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UPF – UK Statement on the Recent Riots

Posted by peacedevelopmentnetwork on August 12, 2011

Universal Peace Federation - UKIt is with great sadness that we saw the recent chaos and criminality on our streets of London and other major cities around the UK. Our condolences go out to the families of those who have lost their lives during the turmoil. Several images and statements are enduring. The first is the helplessness of an overstretched Police Force to prevent the sudden escalation of criminal behaviour, the emergence of undercurrents of jealously, greed, violence and inter-community tensions. When Police authority was removed real emotions and motivations were released in a crude and raw expression. ‘You’re rich we’re poor but we rule the streets tonight’ was an expression of the crude, underlying feelings. In response many Londoners utilised social media for a good purpose to gather to clean the streets the next morning.

There have been many noble but unsuccessful efforts to assist the most vulnerable and deprived of UK society. It would be wrong to blame these riots upon these failures. We should instead recognise that there is a widespread failure to inculcate correct values that would strengthen the conscience of individuals. Irrespective of the opportunity to steal or loot individuals should not take the chance but respect other’s property. Similarly Directors of companies should not abuse their position to exploit others. Politicians should not abuse their positions and power. Journalists, and religious leaders, also should not abuse their position. The Universal Peace Federaton believes we should live for the sake of others in creating one family of humankind under an inclusive, loving God and that we are morally accountable for our actions. These values should be taught primarily by example in the family, but also in schools, religious institutions and the wider community.

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25 Responses to “UPF – UK Statement on the Recent Riots”

  1. Naz Hirji said

    How we respond to the dormant messages that have surfaced from the recent very sad yet telling events will be the legacy we leave for future generations. We need to come clean on all fronts and raise our ethical, moral and intellectual standards and set new benchmarks.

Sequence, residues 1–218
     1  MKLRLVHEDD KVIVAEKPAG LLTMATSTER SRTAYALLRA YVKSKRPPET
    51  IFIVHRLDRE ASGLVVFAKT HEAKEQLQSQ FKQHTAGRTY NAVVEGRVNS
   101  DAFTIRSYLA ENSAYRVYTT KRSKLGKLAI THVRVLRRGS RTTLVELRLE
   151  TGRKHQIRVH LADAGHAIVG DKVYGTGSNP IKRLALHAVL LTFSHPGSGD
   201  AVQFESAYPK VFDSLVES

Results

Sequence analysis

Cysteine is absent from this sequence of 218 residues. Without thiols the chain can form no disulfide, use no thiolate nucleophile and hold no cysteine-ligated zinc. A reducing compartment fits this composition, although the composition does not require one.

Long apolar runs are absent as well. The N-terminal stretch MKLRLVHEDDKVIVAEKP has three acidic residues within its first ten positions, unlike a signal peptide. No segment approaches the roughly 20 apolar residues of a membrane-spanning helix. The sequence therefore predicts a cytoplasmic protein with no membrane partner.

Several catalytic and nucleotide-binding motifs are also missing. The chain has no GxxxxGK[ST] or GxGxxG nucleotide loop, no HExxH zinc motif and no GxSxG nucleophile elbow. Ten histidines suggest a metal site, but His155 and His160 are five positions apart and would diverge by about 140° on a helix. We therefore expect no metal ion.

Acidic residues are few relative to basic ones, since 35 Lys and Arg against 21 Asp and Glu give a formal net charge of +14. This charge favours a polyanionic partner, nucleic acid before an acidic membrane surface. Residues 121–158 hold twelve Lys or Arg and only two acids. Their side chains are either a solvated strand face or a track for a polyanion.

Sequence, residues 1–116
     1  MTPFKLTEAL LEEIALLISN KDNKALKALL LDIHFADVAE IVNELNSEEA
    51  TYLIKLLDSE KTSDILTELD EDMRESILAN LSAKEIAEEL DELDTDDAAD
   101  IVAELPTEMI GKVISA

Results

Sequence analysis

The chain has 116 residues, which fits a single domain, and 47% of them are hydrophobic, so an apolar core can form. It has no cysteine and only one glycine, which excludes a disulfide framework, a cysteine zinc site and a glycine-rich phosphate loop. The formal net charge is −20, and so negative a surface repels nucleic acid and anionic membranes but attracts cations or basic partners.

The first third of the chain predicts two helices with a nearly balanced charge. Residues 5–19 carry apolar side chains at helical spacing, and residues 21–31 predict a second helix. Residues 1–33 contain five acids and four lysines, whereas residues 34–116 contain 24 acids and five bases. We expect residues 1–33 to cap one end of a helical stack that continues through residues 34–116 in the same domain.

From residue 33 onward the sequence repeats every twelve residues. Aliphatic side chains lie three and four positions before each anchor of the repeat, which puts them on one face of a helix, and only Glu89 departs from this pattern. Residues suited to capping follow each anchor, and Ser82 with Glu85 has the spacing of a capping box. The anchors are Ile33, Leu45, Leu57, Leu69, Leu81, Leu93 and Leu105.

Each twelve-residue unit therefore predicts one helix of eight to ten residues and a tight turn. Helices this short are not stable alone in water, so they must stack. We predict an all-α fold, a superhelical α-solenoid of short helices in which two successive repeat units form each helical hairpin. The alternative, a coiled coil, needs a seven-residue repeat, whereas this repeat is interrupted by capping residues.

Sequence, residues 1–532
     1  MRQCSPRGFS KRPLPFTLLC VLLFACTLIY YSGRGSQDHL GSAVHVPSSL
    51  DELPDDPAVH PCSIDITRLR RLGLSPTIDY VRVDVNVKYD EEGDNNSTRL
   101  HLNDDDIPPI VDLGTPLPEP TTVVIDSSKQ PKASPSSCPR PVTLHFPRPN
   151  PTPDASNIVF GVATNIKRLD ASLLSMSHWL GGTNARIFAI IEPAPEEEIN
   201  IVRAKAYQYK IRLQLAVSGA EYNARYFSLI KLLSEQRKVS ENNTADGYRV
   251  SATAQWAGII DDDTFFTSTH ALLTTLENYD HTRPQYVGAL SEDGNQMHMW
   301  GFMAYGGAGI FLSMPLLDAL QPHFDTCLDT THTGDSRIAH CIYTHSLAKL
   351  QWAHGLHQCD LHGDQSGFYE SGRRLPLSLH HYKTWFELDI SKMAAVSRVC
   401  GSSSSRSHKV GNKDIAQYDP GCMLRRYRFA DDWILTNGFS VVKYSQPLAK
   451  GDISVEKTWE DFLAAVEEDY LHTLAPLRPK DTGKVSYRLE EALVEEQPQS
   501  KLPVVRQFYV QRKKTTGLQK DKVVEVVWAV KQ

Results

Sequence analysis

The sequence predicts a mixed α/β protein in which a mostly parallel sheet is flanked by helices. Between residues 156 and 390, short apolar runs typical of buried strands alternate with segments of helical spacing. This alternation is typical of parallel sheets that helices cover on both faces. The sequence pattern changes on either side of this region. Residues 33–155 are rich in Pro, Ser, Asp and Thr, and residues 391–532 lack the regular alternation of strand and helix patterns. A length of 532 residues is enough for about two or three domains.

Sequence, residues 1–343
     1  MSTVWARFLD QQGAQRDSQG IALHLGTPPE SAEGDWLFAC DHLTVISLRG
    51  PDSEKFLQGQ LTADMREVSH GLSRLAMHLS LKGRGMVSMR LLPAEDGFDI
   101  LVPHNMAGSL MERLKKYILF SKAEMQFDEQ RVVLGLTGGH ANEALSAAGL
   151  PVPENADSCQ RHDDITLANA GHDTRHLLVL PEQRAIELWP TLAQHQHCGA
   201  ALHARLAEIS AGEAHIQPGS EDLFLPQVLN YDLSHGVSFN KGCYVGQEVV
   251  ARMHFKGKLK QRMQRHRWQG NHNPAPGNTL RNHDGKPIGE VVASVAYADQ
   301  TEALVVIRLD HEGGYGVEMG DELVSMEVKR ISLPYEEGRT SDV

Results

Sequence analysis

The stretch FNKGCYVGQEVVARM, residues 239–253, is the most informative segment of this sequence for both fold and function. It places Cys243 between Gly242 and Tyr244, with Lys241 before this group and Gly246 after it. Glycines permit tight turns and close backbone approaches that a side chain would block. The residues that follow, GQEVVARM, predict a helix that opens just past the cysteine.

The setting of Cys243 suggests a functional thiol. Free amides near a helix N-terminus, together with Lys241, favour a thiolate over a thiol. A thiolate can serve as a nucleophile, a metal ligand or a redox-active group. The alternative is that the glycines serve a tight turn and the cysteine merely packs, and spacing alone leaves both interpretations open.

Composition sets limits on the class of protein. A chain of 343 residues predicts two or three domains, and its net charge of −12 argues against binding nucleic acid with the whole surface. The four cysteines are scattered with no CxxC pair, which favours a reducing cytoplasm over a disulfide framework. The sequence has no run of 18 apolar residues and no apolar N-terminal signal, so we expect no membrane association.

Naz Hirji

  2. Rev.Dr.Sumana Siri ,D.Th.(Oxon.) said

    I unreservedly suppoprt this statement, albeit the wording of an all inclusive loving God. You may insert my name.
    See you next month.

    Yours sincerely,

    Rev.Dr.Sumana Siri ,D.Th.(Oxon.)
    BUDDHIST CARDINAL OF THE U.K. & EUROPE

  3. Iffy Ahmed said

    Salam Br that is good may god reward u and thank u Salam

  4. Dr Ramzy said

    It is a very well written statement, I would like to include my name.

    Ramadhan Kareem

    God bless

    Dr Ramzy
    Chair of MCB Education.

  5. Lawrence Bloom said

    Excellent statement, I possibly would have gone slightly further describing in more detail the banking swindle that looted the entire economic system, however I recognise that propriety rules!

  6. Tim Miller said

    It reads well for a short statement.
    Could say more about solutions – character education, policies and education to strengthen marriage and family as source of stability for society – public/government recognition of the value of committed married couples as parents.
    Tim Miller

  7. James Dickie said

     Yes, you can add my name to trhe statement if you wish. One interesting comment I heard made was a propos of celebrity culture. He said, “They earn astronomic sums and do practically nothing.” Envy is one of the strongest e,otions and must have played some part in motivating there people.
    James

  8. Ruth Barnet said

    I heartily approve of sending out a statement of support from UPF-UK but I have some comments:

    1. Condolences to the families who have lost loved ones – but also all those whose lives and livlihoods have been shattered.

    2. I would put the helplessness of innocent people to protect themselves and their loved ones and property – before the police.

    3. Though social networking was abused by rioters and abusers it was used to good purpose by ……..

    4.  I find the expression ‘the underclass of UK society’ deeply offensive. I would ‘vulnerable and deprived groups’.

    5. We should recognise that there has been an increase in families that are unable to function effectively and need help to set boundaries.